Corporations don’t seem willing to take the CEO pay problem seriously on their own. It’s time for public policy to treat massive inequality as the problem that it is by taxing the gap between CEO and median worker pay.
Did you see my colleague Sarah Anderson on CNBC last week? Over a decade has passed since the recklessness fueled by runaway CEO pay helped crash the U.S. economy, she reminded viewers, but the same characters who justified that recklessness — and even benefited from it — are still appearing on our TV screens.

Corporations don’t seem willing to take the CEO pay problem seriously on their own. We need public policies — like hiking taxes on companies with wide CEO-worker pay gaps — that treat inequality as the danger to our social well-being it most definitely is. Much more on that this week.

Chuck Collins, for the Institute for Policy Studies team
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A Night Celebrating Environmental Rights Defenders
Each year, our Institute for Policy Studies honors a pair of groups doing some of the most pathbreaking work to advance human rights across the Americas. Last week, we celebrated two such groups working on the frontlines of environmental justice. Members of the Comité Municipal en Defensa de Bienes Comunes y Naturales del Municipio de Tocoa have risked detention to block access to the mines that pollute their drinking water. And the students of Zero Hour are fighting climate change – and the systems of oppression that intersect with its causes and impacts. We have more on both awardees this week.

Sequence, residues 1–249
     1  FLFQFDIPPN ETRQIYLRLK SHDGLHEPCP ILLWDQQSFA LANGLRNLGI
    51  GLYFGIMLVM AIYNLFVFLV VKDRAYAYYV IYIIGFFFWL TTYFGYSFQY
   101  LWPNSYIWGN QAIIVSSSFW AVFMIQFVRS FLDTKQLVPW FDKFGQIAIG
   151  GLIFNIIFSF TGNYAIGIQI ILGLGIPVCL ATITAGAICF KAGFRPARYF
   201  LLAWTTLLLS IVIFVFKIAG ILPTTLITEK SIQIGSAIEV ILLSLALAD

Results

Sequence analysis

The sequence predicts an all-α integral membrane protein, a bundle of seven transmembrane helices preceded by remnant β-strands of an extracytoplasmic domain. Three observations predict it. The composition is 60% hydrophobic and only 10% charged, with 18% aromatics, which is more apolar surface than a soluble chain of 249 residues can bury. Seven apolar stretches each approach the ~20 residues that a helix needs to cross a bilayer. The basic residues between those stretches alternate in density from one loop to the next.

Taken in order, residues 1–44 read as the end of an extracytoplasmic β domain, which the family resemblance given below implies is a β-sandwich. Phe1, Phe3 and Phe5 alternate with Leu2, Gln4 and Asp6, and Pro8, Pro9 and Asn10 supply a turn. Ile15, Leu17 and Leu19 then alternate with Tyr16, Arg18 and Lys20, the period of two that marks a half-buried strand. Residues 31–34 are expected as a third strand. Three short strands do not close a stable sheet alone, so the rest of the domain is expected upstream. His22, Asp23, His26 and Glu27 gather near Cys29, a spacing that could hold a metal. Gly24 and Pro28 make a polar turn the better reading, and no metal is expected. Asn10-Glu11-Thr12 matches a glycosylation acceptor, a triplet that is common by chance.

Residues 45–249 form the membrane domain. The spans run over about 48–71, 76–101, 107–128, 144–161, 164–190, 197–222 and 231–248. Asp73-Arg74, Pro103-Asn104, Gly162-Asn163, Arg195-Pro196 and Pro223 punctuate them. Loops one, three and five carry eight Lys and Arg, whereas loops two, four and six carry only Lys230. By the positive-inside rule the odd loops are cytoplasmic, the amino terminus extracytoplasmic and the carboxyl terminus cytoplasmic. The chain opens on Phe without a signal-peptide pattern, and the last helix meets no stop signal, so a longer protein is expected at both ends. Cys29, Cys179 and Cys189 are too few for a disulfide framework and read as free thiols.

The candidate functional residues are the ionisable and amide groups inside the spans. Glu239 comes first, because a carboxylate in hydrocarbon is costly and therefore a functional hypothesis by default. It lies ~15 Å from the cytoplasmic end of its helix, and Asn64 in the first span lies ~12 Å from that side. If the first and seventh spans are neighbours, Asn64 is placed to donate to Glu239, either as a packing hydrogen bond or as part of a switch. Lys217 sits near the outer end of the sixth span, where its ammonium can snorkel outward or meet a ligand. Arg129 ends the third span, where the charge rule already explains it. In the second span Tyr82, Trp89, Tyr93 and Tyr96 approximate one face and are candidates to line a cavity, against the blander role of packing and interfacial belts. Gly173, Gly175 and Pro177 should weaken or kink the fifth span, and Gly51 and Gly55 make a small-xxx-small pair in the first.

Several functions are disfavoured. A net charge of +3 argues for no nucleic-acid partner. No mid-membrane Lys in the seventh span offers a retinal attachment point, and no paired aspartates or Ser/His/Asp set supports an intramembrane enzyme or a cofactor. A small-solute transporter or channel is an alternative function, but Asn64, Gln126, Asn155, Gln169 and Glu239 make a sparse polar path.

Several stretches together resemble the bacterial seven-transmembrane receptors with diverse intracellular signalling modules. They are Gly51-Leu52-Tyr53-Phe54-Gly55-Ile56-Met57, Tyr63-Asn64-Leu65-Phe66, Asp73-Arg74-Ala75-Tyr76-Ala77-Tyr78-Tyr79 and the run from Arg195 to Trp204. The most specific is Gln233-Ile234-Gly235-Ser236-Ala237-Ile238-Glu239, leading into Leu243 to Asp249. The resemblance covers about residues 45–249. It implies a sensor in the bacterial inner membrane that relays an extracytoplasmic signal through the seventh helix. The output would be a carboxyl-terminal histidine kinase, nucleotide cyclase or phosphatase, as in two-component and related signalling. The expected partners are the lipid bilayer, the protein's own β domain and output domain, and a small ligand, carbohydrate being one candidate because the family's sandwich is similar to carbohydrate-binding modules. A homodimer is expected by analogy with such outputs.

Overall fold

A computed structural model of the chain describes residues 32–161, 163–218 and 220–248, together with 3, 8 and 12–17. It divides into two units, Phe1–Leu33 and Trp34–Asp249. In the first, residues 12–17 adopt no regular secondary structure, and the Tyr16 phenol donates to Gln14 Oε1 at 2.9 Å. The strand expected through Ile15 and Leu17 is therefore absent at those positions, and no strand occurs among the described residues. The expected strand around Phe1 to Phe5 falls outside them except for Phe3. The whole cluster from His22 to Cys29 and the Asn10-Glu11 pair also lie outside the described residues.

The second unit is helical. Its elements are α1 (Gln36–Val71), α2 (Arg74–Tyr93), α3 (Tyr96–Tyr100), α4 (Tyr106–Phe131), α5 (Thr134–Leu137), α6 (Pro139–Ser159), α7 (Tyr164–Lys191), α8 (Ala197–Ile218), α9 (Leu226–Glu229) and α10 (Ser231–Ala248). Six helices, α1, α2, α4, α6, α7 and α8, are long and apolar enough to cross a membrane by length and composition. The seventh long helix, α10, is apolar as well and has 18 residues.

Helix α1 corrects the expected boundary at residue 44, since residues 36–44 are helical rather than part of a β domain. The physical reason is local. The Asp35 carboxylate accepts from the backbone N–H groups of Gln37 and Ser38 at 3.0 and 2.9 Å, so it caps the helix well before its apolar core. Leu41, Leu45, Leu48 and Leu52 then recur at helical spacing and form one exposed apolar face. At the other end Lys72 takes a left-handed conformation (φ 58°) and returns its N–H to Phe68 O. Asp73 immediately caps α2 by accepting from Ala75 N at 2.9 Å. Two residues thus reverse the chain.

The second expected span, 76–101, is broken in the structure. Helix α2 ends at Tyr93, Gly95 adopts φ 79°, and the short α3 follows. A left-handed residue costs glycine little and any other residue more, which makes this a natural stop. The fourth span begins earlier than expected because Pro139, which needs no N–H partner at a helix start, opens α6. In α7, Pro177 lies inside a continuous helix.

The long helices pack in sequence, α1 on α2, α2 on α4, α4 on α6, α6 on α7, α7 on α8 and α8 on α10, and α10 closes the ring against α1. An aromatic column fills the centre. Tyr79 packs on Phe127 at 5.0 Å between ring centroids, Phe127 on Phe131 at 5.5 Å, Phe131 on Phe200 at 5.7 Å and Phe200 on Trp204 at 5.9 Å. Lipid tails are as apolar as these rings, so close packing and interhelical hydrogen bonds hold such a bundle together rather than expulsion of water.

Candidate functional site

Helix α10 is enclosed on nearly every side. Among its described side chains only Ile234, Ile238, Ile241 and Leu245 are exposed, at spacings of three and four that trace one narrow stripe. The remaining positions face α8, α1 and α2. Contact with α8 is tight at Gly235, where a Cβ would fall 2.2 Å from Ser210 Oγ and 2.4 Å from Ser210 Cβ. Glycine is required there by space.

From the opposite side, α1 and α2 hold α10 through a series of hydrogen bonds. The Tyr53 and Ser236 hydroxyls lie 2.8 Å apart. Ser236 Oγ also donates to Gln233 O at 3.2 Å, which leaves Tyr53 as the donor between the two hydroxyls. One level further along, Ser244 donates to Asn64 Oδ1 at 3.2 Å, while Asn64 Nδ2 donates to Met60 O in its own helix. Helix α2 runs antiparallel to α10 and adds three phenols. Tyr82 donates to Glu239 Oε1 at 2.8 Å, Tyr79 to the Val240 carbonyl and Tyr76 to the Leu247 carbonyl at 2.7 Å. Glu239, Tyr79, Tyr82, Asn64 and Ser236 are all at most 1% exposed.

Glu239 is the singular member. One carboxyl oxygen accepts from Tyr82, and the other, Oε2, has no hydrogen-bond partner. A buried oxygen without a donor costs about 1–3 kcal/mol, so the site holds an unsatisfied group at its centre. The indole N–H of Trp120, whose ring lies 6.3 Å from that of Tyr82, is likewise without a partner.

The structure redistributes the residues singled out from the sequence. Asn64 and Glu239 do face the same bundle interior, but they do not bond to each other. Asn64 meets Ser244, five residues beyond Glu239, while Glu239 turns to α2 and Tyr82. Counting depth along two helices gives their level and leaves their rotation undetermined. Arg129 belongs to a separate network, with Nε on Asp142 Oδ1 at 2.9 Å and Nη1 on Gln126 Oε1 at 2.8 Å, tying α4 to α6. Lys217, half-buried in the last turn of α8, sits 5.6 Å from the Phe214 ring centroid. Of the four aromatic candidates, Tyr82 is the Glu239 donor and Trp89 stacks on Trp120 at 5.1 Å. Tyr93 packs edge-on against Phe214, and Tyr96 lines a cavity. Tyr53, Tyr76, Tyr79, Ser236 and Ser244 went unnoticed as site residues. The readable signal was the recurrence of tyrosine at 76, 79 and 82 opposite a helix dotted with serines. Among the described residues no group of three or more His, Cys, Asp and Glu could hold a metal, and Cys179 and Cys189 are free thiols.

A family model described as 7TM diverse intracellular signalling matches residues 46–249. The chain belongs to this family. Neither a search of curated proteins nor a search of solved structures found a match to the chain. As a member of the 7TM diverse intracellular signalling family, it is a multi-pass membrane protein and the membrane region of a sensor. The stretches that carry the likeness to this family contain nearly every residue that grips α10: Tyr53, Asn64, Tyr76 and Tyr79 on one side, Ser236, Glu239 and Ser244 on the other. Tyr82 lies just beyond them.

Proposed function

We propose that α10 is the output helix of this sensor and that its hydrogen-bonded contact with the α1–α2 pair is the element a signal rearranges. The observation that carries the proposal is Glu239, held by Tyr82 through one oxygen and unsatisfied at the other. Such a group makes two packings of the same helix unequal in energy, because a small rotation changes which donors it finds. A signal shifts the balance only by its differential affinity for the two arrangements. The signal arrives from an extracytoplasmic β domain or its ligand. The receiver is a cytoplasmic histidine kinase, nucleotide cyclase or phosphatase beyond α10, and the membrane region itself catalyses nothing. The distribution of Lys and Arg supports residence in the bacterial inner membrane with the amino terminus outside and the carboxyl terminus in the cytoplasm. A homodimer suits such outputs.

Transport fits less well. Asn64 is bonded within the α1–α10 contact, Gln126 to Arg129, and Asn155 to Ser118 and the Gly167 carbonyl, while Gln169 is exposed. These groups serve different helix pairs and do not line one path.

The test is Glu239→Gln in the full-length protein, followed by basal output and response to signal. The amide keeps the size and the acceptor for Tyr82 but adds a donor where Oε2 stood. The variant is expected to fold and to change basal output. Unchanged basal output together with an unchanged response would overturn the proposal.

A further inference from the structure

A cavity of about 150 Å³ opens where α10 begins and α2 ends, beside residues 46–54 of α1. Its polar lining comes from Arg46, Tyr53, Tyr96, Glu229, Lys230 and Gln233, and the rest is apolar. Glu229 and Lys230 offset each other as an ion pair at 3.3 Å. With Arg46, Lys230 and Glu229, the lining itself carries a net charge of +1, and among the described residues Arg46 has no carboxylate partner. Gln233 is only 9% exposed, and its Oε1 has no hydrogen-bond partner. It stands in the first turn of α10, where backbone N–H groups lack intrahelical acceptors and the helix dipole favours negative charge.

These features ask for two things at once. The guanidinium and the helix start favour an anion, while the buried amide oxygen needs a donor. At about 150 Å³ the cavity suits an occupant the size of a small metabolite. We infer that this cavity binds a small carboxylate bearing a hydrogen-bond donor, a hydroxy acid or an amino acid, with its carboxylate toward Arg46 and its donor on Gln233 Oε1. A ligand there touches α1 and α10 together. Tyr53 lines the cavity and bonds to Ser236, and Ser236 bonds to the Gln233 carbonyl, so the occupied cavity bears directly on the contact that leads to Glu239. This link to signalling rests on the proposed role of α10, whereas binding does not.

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America’s Wealthy: Ever Eager to Pay Their Taxes!
Why do many of the wealthiest people in America oppose a “wealth tax,” an annual levy on grand fortune? Could their distaste reflect a simple reluctance to pay their fair tax share? Oh no, JPMorganChase CEO Jamie Dimon recently told the Business Roundtable: “I know a lot of wealthy people who would be happy to pay more in taxes; they just think it’ll be wasted and be given to interest groups and stuff like that.” Could Dimon have in mind the interest group he knows best, Wall Street? In the 2008 financial crisis, federal bailouts kept the banking industry from imploding. JPMorgan alone, notes the ProPublica Bailout Tracker, collected $25 billion worth of federal largesse, an act of generosity that’s helped Dimon lock down a $1.5-billion personal fortune. Under the Elizabeth Warren wealth tax plan, Dimon would pay an annual 3 percent tax on that much net worth. Fortunes between $1 billion and $2.5 billion would face a 5 percent annual tax under the Bernie Sanders plan.
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The Key to Distributing Our Wealth More Equitably
The idea of taxing corporations with wide gaps between CEO and worker pay at higher rates than firms with modest pay divides is exciting activists all across the United States. But the idea also has critics in circles that normally lean progressive. These critics see the progressive income tax as the more appropriate antidote to CEO pay excess. High tax rates on high incomes, analysts who share this perspective point out, can dampen excessive executive pay. In the years after World War II, high rates did just that. But these rates could not be sustained. What lessons ought we take from our tax-the-rich history? co-editor Sam Pizzigati, author of The Case for a Maximum Wage, has more.